Just four days into the new year, developer Lennar and the architects at Encore are scheduled to present what have so far been closely guarded plans for the project after months of work banging out a plan for the 2.4 acres of shopping center land. What you see above aren’t design renderings — those aren’t available yet — but community design concepts for the block created by UW architecture students in 2015.
The Central Area Land Use Review Committee community group is preparing for the crucial review with a meeting for neighbors and those interested in the project Wednesday night. “The project will transform one of the most significant sites in the Central Area,” organizers write.
Central Area Land Use Review Committee: Community Meeting with the design team for the re-development of MidTown Center
The California-based developer Lennar’s framework includes a rezoning of the block that would allow 85-foot heights and construction of seven-story mixed-use apartment buildings on the land pitched as “one of the last remaining large developable sites” in the city as the real estate market around it heated into overdrive this summer. To achieve the rezone, the project will need community buy-in — and approval from the Seattle City Council.
It may have a partner in that pursuit. Continue reading
See something others should know about? Email CHS or call/txt (206) 399-5959. You can view recent CHS Crime coverage here.
- 10th Ave E hold-up: A group of possibly three suspects reportedly held up a female victim at gunpoint as she walked along 10th Ave E waiting for a bus early Monday morning. According to East Precinct radio dispatches on the incident, the victim was robbed by a suspect armed with a silver pistol just after 2 AM along 10th Ave E near Galer where the victim was walking when she was approached by the group. The victim then walked to a nearby residence to call police but by then nearly 20 minutes had passed and the suspects were nowhere to be found. SPD is investigating the hold-up as an armed robbery.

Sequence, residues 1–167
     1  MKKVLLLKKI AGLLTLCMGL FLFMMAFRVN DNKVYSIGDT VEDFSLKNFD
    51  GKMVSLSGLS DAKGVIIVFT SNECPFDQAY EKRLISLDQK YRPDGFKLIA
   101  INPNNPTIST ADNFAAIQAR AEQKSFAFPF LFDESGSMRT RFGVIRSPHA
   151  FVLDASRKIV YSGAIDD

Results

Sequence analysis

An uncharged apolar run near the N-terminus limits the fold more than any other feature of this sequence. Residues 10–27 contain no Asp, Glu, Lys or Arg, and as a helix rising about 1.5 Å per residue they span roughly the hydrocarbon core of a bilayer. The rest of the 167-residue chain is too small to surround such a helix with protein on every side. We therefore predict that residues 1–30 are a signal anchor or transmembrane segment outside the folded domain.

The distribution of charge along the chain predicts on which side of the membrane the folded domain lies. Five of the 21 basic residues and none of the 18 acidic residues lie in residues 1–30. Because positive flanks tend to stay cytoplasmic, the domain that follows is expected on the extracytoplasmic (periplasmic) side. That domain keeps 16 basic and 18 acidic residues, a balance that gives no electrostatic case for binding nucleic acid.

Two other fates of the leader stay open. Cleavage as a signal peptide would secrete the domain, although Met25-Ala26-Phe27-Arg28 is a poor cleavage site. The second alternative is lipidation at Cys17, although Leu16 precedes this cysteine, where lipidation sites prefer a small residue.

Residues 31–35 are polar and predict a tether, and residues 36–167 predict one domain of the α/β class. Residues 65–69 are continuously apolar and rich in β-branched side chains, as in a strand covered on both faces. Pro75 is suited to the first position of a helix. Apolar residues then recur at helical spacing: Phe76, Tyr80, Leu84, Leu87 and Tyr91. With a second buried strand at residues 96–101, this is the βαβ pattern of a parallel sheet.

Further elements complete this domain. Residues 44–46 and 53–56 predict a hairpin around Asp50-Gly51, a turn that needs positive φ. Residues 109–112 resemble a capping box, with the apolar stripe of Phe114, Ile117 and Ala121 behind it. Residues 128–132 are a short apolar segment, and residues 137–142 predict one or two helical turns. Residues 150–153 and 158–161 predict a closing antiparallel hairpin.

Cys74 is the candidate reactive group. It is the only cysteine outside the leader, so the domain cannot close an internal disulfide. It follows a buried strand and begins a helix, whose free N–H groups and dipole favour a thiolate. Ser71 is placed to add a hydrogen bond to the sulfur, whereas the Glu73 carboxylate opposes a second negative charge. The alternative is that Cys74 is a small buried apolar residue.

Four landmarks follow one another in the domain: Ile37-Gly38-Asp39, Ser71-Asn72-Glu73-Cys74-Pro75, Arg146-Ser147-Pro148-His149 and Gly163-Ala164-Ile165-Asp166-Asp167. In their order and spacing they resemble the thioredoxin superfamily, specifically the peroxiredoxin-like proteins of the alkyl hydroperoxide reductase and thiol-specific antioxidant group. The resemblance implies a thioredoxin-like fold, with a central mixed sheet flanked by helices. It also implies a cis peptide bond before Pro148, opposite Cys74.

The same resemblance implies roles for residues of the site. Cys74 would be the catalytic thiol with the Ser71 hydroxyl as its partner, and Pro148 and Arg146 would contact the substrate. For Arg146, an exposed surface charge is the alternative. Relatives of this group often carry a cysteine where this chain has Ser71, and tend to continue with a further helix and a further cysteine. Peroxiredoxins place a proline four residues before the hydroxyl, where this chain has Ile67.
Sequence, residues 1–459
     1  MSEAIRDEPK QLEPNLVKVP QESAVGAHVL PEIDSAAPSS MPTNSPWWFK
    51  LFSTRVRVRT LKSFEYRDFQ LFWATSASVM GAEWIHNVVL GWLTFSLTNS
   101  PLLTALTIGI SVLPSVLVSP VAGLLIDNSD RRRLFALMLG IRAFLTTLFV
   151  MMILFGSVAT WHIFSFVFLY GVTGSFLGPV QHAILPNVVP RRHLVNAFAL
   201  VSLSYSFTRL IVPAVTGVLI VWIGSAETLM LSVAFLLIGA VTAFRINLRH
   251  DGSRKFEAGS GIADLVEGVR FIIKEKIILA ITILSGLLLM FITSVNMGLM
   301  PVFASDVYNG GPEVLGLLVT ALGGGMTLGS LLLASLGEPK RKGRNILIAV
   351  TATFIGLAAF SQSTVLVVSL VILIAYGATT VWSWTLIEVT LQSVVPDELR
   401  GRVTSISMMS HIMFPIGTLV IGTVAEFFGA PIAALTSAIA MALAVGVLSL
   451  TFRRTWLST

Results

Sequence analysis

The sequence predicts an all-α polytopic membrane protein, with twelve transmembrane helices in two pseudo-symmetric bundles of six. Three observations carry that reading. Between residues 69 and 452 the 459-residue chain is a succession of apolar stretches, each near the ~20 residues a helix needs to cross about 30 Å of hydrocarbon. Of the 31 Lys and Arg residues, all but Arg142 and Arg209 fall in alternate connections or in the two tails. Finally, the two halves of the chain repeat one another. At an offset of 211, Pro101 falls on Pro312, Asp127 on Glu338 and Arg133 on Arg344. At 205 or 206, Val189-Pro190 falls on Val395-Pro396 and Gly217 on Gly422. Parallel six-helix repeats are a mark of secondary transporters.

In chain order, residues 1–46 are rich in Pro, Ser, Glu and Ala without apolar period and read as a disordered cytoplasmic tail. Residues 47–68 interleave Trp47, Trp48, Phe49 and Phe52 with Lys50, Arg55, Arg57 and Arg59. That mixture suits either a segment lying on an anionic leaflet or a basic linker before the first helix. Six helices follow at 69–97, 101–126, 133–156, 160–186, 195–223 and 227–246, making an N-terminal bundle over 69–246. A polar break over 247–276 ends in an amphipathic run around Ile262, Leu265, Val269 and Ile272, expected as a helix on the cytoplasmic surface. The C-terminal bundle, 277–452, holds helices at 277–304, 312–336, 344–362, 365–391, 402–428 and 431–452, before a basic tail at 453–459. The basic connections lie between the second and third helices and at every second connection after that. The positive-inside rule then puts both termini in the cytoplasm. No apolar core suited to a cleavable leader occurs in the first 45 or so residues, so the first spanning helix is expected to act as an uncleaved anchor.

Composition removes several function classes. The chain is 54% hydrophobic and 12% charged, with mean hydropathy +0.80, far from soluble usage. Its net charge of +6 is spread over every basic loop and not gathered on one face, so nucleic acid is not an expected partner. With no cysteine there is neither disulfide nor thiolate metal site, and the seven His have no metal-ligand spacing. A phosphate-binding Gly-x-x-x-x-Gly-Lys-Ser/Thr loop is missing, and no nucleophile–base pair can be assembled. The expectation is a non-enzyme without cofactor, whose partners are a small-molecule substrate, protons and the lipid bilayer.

Thanks to neighbor Alex Crick for the picture from the police response Friday night
23rd/Union gunfire: A scary scene unfolded around the busy corner of 23rd and Union Saturday night around 5 PM as multiple witnesses reported seeing a gunfight break out between a male shooter on foot and at least one other vehicle speeding away from the area around the Midtown Center parking lot. A large contingent of police arrived in the area and teamed up before approaching the scene where some witnesses reported more than 20 shots were fired. Nobody was reported hit by the gunfire and no suspects could be located when police arrived. Shell casings from at least two guns were found at the scene and multiple businesses in the are sustained damage from flying bullets, a SPD spokesperson tells CHS. The spokesperson said the department’s gang unit is investigating.